Scam artist calls wrong number, gets caught

Scam artist calls wrong number, gets caught »Play Video

A con artist pretending to be a Microsoft worker made a call to the wrong people : the KATU Problem Solvers.  They used the opportunity to investigate the scam---and catch the scammer in his lies.

The caller began by saying he worked for Microsoft and he was checking to see if our computer had a virus.

"I can see you've been a loyal customer, OK?" the caller said.

He claimed his name was Alex Rodriguez and he worked in San Diego.  He instructed us to go to a web site and download a file.

We checked in with local tech expert Benjamin Diggles, who works for Webtrends in Portland. He told us the file was dangerous.

"It's like installing a ticking time bomb that at any point they can control," Diggles said. "It's when you actually decide to launch it: you're fresh meat, you're done."

Diggles said typically, these files will hold your computer hostage, telling you that you have to pay a large sum of money to get use of your computer again. If you pay, the company may fix your computer, but possibly for just a short time.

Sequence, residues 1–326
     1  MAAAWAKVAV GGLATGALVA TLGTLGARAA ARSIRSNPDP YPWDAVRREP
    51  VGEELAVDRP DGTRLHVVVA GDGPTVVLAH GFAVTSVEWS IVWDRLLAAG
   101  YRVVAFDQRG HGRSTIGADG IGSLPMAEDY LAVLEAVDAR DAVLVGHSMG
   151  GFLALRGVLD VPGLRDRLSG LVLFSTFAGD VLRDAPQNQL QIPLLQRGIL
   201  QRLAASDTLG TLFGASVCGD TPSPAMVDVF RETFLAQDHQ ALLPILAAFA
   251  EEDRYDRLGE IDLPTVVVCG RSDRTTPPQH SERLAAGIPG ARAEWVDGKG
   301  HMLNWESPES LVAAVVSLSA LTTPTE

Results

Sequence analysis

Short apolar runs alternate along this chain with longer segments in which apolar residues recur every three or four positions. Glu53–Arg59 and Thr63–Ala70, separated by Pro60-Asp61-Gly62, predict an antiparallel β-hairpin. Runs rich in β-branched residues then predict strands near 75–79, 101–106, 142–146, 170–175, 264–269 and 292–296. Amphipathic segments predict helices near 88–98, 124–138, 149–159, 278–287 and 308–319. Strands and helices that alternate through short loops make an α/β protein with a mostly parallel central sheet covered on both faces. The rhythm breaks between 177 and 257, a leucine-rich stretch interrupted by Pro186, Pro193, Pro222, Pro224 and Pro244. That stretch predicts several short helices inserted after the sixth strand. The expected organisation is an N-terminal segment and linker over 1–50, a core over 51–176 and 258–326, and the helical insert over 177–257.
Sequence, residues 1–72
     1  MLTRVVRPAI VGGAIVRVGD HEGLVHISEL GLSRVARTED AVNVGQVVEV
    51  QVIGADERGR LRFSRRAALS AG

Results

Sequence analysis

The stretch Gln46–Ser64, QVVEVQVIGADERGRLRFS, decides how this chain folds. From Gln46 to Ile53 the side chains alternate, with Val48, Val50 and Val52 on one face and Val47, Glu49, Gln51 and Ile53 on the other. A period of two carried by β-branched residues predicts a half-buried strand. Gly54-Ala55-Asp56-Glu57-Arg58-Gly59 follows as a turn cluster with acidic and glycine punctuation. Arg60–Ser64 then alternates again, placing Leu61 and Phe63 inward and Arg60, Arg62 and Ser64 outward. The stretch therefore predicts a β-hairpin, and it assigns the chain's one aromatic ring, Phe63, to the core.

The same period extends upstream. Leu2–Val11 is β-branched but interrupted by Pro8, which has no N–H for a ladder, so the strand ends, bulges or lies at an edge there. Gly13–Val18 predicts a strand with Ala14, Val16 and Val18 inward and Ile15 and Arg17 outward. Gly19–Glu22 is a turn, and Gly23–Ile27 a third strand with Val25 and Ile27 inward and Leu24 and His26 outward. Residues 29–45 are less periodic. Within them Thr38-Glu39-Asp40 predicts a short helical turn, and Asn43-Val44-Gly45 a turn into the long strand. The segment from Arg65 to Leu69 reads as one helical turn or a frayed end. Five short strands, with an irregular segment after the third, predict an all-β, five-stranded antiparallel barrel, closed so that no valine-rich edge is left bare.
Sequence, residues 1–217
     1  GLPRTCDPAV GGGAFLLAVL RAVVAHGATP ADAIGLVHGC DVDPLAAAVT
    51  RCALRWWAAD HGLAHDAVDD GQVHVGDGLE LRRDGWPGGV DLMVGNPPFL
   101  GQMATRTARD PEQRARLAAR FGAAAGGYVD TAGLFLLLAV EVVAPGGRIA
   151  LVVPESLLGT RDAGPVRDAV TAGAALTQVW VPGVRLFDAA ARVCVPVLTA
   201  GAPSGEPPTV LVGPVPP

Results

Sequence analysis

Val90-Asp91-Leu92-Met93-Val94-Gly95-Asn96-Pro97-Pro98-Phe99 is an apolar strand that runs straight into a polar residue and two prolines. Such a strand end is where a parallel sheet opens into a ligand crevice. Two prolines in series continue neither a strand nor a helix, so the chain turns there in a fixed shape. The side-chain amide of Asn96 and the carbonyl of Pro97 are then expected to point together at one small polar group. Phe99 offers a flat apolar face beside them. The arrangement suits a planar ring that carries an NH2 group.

"They're basically resetting the time bomb so in six months they can hit you again," Diggles said.

There's more. The caller wanted us to read off a number code that would appear on our computer screen when we downloaded the file.

"Let me know when you see the numbers," said "Alex."  "Can you help me with the numbers?"

Diggles said the numbers would allow the scammer to take over our computer and control it remotely.

"That's the key moment. You do that, all bets are off," Diggles said. "They can do whatever they want. They can open the CD tray if they want. They have complete control of the hardware and software."

Diggles said scammers used to try to get you to download this kind of file by having you click on a link in an e-mail or in a pop-up ad.  He said that security software is getting better and better, so now scammers often call you to try to get you to download it manually.

"Reality is, Microsoft has never and never will call people based on their computer's performance," Diggles said.

If you have already fallen for this scam, Diggles said you should immediately disconnect from the internet, including Wi-Fi, and go to a computer repair person you trust to reformat your computer and bring it back to its beginning state.